Daffodils droop as a spring snow covers them in April 2021. Credit: Linda Coan O'Kresik / BDN

The air is starting to warm up. The sun is out longer. Spring is here in Maine, and we don’t have to worry about snow anymore, right?


We should know by now that Maine weather always has other plans in store.

But since we like to be prepared, we’ve compiled a list of past April and May snowstorms to get you excited — or dreading — about the potential for more of that powdery white stuff.

‘Freak May snowstorm’ — May 10-11, 1945

Maine was paralyzed by a freak snowstorm in May 1945 that caused almost $1 million in damages. Bangor reported 4 inches of snow, while Presque Isle reported 5 inches. Although it’s not much relative to other winter storms, the high winds and the weight of heavy snow and ice broke and uprooted power lines due to the lack of frost in the ground.

‘Snow bomb’ hits Maine — April 10, 1996

A snowstorm that one meteorologist called a “snow bomb” dropped up to 14 inches of snow in some areas. The storm brought wind gusts of up to 30 mph and caused multiple car crashes and left 15,000 Mainers without power.

‘More than 200K Mainers have no power’ — April 10, 2020

Twenty-four years to the day after the “snow bomb” hit Maine, another springtime snowstorm dumped the state with snow. Towns in the Bangor area reported up to 13 inches of snow while Piscataquis County saw the most at 20 inches. Because of the wet and heavy nature of the snow — combined with strong winds gusts — power lines and trees came down overnight causing hundreds of thousands of Mainers to lose power.

Bangor, Maine — April 10, 2020 — A spring storm that dropped a foot of snow in many areas created difficulties driving and has left more than 250,000 Mainers without power. Tops of utility poles on Howard Street in Bangor broke. Credit: Linda Coan O’Kresik / BDN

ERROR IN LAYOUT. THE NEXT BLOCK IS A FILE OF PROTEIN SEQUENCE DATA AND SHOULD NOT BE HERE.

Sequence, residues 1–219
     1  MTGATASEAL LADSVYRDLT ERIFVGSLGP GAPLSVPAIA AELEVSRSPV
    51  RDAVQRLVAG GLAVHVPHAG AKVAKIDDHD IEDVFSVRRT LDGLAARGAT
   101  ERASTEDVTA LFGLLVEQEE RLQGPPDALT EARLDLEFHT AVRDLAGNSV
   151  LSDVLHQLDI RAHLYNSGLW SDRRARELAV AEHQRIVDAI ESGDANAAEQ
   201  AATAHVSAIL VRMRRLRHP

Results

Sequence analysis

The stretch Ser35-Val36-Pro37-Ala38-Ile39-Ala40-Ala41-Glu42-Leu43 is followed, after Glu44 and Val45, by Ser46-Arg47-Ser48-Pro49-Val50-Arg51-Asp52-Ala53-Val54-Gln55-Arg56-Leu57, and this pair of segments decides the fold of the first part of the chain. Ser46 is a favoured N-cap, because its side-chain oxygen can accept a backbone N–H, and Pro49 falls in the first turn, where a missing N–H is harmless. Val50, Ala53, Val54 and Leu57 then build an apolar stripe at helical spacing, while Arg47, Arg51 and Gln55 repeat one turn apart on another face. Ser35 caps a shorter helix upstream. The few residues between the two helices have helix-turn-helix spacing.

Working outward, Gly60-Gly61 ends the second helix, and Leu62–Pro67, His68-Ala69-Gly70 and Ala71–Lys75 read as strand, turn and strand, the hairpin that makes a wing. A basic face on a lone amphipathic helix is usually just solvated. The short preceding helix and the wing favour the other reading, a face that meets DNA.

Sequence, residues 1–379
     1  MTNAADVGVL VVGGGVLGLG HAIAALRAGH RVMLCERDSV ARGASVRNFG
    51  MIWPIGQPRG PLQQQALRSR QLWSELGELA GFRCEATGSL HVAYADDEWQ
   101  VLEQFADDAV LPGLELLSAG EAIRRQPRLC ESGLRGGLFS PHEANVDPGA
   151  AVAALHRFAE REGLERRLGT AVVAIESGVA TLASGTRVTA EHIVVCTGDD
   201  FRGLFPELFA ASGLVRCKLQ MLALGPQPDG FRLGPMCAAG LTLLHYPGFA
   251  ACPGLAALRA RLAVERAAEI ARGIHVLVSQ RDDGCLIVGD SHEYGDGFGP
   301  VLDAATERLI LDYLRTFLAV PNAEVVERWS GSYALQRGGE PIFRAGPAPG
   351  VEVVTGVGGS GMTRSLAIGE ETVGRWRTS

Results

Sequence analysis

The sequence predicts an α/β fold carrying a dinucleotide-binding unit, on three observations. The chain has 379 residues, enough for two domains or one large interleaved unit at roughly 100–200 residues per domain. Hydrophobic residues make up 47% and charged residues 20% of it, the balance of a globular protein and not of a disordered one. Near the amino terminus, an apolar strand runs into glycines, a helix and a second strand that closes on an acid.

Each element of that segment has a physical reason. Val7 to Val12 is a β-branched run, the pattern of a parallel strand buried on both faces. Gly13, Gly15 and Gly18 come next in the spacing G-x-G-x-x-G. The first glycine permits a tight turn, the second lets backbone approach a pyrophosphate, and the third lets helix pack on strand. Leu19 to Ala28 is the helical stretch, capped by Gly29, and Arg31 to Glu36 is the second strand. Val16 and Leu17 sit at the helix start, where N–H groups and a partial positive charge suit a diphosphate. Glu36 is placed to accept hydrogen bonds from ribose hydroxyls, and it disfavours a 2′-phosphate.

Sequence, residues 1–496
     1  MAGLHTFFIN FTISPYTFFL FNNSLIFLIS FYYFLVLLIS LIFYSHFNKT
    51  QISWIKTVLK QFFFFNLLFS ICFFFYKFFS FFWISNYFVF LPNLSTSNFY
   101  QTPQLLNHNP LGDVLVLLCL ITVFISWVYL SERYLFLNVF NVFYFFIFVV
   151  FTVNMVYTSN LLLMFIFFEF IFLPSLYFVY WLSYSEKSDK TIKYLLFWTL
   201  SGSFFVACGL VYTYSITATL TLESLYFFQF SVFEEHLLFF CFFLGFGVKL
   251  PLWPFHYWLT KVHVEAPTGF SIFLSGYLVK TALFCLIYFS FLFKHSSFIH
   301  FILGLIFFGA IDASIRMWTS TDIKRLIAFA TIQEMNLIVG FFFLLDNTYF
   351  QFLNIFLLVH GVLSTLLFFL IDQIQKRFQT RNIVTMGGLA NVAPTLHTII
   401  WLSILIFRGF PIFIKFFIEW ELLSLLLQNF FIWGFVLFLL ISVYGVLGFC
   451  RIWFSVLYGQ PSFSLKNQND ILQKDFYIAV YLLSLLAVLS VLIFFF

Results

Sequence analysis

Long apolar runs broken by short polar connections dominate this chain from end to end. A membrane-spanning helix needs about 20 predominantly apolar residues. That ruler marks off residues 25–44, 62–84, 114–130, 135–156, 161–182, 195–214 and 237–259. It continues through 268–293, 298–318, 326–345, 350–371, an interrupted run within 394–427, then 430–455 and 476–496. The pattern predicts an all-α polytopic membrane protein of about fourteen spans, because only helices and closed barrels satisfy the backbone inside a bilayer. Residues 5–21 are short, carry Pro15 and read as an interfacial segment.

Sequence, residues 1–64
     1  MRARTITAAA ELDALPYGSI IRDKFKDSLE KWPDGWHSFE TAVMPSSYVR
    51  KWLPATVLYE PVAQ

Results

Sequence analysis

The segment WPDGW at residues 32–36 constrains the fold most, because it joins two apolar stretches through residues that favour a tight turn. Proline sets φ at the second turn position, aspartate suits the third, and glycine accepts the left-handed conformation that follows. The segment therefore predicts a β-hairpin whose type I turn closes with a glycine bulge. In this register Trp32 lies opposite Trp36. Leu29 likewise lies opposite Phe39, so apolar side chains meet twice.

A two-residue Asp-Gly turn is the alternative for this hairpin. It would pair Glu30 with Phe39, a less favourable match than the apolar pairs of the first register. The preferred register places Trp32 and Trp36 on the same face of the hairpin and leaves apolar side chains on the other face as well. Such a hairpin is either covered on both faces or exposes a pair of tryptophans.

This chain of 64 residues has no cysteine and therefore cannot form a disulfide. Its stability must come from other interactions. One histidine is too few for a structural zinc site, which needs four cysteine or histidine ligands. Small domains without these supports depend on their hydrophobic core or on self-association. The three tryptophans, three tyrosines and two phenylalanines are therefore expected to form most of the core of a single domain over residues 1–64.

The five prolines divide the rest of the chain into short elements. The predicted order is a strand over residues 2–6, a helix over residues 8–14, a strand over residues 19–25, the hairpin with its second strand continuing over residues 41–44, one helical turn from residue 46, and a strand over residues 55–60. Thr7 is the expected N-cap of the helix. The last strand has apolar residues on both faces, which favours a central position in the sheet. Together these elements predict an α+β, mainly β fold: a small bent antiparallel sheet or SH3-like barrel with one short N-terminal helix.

‘Polar vortex brings rare Maine snow’ — May 10, 2020

Seventy-five years after the worst May snowstorm to hit Maine, a polar vortex brought an unseasonably snowy start to that 2020’s Mother’s Day weekend. But unlike the snowstorm of 1945, areas of Maine only saw a dusting of snow — except for Carrabassett Valley with 9 inches — while other New England states reported higher accumulations.

Peter and Joanna Brown walk their dog in West Paris, Maine on Saturday, May 9, 2020. Mother’s Day weekend got off to an unseasonably snowy start in areas of the northeast thanks to the polar vortex. While most areas received just a trace of snow early Saturday, some higher elevation areas in northern New York and New England reported as much as 9 inches. Credit: Andree Kehn / Sun Journal via AP

So don’t put away those snow pants and snow boots just yet. There could be — unfortunately — another time to use them this year.

Also, should we be worried about the 10th day of the month?